Apple sees steep increase in U.S. national security requests

“Apple Inc on Friday issued its twice yearly transparency report on government data requests, showing another sharp increase in U.S. national security-related requests,” Stephen Nellis reports for Reuters.

“Apple said it received as many as 16,249 national security requests affecting up to 8,249 accounts during the second half of 2017. The number of requests rose 20 percent compared with the first half of 2017, when Apple received 13,499 such requests,” Nellis reports. “But the most recent figures are more than two-and-a-half times higher than the comparable period a year earlier, when Apple received only 5,999 such requests.”

“Other tech firms also experienced a jump in national security request between the second half of 2016 and the first half of 2017. National security requests to Alphabet Inc’s Google rose 36 percent, to almost 51,000. Similar requests to Facebook Inc nearly doubled, to almost 27,000,” Nellis reports. “Apple also said on Friday that it would start reporting requests from governments to take down apps from its App Store… Apple’s new tracking of app takedown requests starts on July 1, so the data will begin to appear starting one year from now.”

Read more in the full article here.

MacDailyNews Note: Apple’s report on government requests is located here.

Interns: The three-day holiday weekend starts now! Tap away!

Cheers, everyone!

9 Comments

  1. Just in time for THIS revelation:

    FBI exaggerated the number of phones it can’t unlock by up to 550 percent
    FBI’s case for weakening encryption suffers blow as agency admits math error.

    The Federal Bureau of Investigation has repeatedly claimed that it was unable to access data on nearly 7,800 encrypted devices in fiscal 2017, but the FBI now admits the number is far lower. In reality, there were just 1,000 to 2,000 devices that the FBI couldn’t unlock last year, The Washington Post reported yesterday….

    “In April 2016, the FBI implemented a new collection methodology, which gathered data from three separate databases maintained by the FBI’s Operational Technology Division (OTD). The FBI relied upon information from these databases to publicly report that approximately 7,775 devices could not be accessed in Fiscal Year 2017 (FY 2017), despite the FBI having the legal authority to do so. However, the FBI recently became aware of flaws with the methodology implemented in April 2016, and has determined the previously reported FY 2017 statistics are incorrect. The FBI’s initial assessment is that programming errors resulted in significant over-counting of mobile devices reported through OTD’s databases. The FBI is currently conducting an in-depth review of how this over- counting previously occurred, and how the methodology can be corrected to capture future data accurately.”

    (o_0) Thus my hashtag: #MyStupidGovernment. But to be candid, I did post #MySmartGovernment regarding the Secure Data Act currently being considered in the US Congress. It’s not all stupid. Just most of it. Violations of our Fourth and Fifth Amendments are profoundly stupid.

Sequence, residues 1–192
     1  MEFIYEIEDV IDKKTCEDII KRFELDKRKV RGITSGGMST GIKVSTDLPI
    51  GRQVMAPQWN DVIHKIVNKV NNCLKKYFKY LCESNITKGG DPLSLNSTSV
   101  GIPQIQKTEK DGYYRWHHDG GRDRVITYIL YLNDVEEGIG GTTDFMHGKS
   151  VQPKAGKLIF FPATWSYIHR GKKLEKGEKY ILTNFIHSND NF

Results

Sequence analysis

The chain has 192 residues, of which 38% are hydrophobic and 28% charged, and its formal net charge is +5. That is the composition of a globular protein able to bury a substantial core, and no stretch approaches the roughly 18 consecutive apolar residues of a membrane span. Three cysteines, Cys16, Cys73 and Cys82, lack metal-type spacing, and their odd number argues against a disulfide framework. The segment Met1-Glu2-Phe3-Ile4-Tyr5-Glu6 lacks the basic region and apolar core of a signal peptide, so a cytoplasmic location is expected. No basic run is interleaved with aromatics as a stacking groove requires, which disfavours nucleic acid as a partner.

1. So, FY2017’s data was many times higher than reality due to a new methodology. And the obvious question is what about FY2016’s data, and if that was correct, since it didn’t use the flawed new methodology, then why didn’t anyone ask the obvious question of, why has the number QUINTUPLED?

      1. They did ask the question. The answer was that a programmer wrote a routine to total all the locked phones in multiple databases and he forgot to have the routine check for duplicate entries. Stupid but not sinister.

  2. Hmmm…let’s see…nope…nothing sinister at all. It’s all hunky-dory apparently. I don’t think there has ever been a more stable world with so little controversy. Amazing really.

    1. T. Cook’s SJ-Warriorism is a blight to me. CEO’s focus should be zeroed in on the biz. On the other hand, TC’s stated commitment to user’s security and privacy, I embrace wholeheartedly. I’m of the belief that if security and privacy were the ONLY factors separating Apple from the rest, Apple would be the victor.
      With this in mind, TC should not relent, not abate, not become “flexible” to demands to give “security/law” experts access to Apple technology. In this realm, I encourage his SJ-Warriorism. May he become battle ready and tested and make Apple the only safe tech refuge (as safe as safe can be).

  3. Read about the astounding growth and extraordinary expansion of the National Security Letters:
    https://en.wikipedia.org/wiki/National_security_letter

    A snippet: “The oldest NSL provisions were created in 1978 (Under Jimmy Carter) as a little-used investigative tool in terrorism and espionage investigations to obtain financial records.”

    If you hate big government, you should hate the NSL, not some woman with kids on food stamps.

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